Thursday 8 January 2015

Final Day of Conference (Belated)

It's been a very busy few hours (well 50 hours +) since the APG conference finished.

The first session was a panel on "The Discipline of Politics in America: Origins, Problems and Prospects" - an excellent title, since we covered history of the discipline of political science (and associated disciplines), philosophy and thoughts on where the subject may develop in the future. Louisa Hotson traced the development of various lines of thought, with an emphasis on Chicago - and took us through hopes and disappointment. Nathan Pinkonski discussed Leo Strauss. Stephen Welch looked at the positivist basis of American political science.

The final session included John Berg on the politics of coal - tracing the various reasons why this subject has been so important in American politics (as it has been in British). Ron Mendel discussed the Occupy Movements of 2012, while the final paper by Richard Johnson, of the University of Oxford - "Deracialisation: Re-examination of a political strategy" was of such quality that he was awarded the postgraduate prize for best paper.

It was an act of genius for the founders of the APG annual conferences to arrange them for the first days of the new year. This was my fourth conference - and each has set the new year off to an excellent start. They have been interesting and thought provoking. As an added bonus - the APG involves a really nice group of people. Fun and stimulating!

Tuesday 6 January 2015


I will be posting about this morning's final sessions from the APG Conference later - but, as of now, I am at home in front of two computer screens - awaiting the opening of the 114th Congress.

The New Congress is due to meet at noon (EST) - 5pm here in Milton Keynes. If you wish to watch it live follow the link

House of Representatives


Monday's Final Panel

The final session for Monday covered much ground. William Sheward from the University of Winchester presented a paper entitled, "Today's Democrats: Lyndon Johnson's Heirs No Longer?" It covered the changes in the Democrat Party in the last fifty years. It included an interesting look at the ideas of Elizabeth Warren. I'm sure that we are going to be talking about her for a long time.

Robert Williams who is currently based at the University of Huddersfield discussed the Ohio Libertarian Party, which he has stood as a candidate for in recent years.

Marie-Catherine Wavreille from the Universite libre de Bruxelles presented some of her ongoing research into ballot proposition campaigns. She had analysed, as part of her work for a doctorate, the position that elected offices played in such campaigns. She is doing some very interesting work and a number of people commented on how much they are looking forward to seeing future results of her work.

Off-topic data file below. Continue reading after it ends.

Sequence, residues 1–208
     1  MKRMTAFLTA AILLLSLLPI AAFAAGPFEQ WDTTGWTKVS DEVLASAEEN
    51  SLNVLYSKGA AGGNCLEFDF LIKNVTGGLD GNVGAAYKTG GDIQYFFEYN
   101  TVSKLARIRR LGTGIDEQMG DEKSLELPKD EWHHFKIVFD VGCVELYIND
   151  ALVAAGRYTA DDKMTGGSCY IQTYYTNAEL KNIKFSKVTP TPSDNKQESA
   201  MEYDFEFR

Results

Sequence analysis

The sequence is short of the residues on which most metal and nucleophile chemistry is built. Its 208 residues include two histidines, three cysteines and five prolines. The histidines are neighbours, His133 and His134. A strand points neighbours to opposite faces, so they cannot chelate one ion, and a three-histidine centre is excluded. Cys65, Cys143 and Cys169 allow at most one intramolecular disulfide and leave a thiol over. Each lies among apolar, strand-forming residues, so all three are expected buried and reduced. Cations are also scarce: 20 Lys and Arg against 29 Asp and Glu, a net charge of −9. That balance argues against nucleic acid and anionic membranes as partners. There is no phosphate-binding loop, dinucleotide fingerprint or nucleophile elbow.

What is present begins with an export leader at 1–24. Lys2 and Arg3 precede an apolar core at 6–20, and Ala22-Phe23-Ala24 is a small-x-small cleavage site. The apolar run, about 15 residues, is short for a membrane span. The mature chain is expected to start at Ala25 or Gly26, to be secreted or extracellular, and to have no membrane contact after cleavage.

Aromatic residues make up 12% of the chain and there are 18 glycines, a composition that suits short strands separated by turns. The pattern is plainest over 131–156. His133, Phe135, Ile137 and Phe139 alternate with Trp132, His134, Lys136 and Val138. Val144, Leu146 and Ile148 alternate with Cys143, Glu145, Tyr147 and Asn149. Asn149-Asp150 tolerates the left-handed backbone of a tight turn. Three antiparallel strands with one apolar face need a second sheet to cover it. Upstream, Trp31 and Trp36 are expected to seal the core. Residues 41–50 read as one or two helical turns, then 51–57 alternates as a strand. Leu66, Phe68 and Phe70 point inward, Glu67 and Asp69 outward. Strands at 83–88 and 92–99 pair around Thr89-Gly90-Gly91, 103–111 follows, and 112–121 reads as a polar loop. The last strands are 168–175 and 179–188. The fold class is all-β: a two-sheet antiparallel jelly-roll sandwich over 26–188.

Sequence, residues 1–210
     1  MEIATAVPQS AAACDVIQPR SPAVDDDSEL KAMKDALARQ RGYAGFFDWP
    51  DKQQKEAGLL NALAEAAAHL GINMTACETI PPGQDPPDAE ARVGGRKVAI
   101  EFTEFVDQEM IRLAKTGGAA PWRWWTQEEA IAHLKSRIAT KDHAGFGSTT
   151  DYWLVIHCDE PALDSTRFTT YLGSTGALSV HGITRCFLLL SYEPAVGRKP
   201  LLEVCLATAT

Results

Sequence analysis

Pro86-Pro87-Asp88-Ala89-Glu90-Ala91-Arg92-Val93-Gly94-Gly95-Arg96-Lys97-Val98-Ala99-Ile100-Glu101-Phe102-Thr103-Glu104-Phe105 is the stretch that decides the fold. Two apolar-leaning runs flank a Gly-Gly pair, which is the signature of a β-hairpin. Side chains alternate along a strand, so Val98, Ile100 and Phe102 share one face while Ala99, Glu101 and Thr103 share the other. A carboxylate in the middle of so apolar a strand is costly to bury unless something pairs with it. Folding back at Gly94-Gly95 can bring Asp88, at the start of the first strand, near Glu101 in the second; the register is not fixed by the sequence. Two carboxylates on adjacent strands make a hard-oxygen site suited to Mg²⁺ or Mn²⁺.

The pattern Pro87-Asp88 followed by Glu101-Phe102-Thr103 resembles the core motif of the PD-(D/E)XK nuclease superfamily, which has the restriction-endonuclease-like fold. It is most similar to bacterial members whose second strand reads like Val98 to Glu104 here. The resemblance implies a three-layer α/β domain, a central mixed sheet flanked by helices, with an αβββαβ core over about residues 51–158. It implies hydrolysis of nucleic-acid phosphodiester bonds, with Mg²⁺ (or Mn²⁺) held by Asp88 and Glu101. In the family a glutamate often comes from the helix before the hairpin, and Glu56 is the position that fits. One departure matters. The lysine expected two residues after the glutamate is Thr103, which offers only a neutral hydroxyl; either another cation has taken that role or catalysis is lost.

The session finished with a paper that I presented on the reforms associated with the early 1970s in the House of Representatives. The paper looked at the long development which came to its climax in the weeks following the 'wave' election of 1974 and the entry into Congress of the "Watergate Babies". If you are interested in a copy of my paper - do email me on jdavidmorgan@googlemail.com & I will send you a pdf copy. Any comments would be welcome.

The APG held its AGM then we adjourned for a very pleasant meal and evening at a local Indian Restaurant. The conference continues this morning. 

Monday 5 January 2015

Thinking about the frameworks

There are more papers at the American Political Group conference than time available, so we have to select particular panels to attend. Thankfully contributors have been encouraged to circulate papers - so it is possible to read papers from panels that one has not been able to attend.

The first two sessions today involved concurrent panels. This morning after hearing from John Herbert (see previous post) I listened to a paper from Howells Williams on Reagan & Clinton's use of the language of family values.  That was followed by Eddie Ashbee (Copenhagen Business School), who challenged us to be explicit about the approaches we are taking to analyse and explain events and policies.

This afternoon we have for session 3 a single panel. The discussion centres around a seminal paper written a few years ago by Paul Pierson, "Increasing Returns, Path Dependence and the Study of Politics" (American Political Science Review 94:2 (June 2000 pp251-267). Eddie Ashbee summarised the concept of path dependence. The costs of change are so great, that - save for an intervening crisis - a particular path will continue to be followed. That will narrow future choices. Once a particular path is followed it becomes more difficult to recover the alternative choices which were not followed. Therefore a particular crisis, or a particular election, sets a new direction which outlasts the crisis/election and can outlive later less significant events or elections. The 1979 UK and 1980 US elections paved the way for a direction that has continued to this day. There is now no way of retracing our steps - other than by a massive crisis.

Perhaps this lies behind the commonly held view that it doesn't matter which party you vote for. However wins an election is constrained by the direction the previous party has chosen. I think that is mistaken. Most of the time the State is like an ocean liner - a "U" turn isn't possible. By the time the turn of the wheel takes effect, the liner has moved many miles in the original direction. .BUT, a small shift - say by one degree - will, over thousands of miles, change the destination. A vote in ANY election can make a small difference in the short term, but the new path - over the long term - can lead to a very different destination. A vote at a major crisis, can make a faster, even longer lasting change.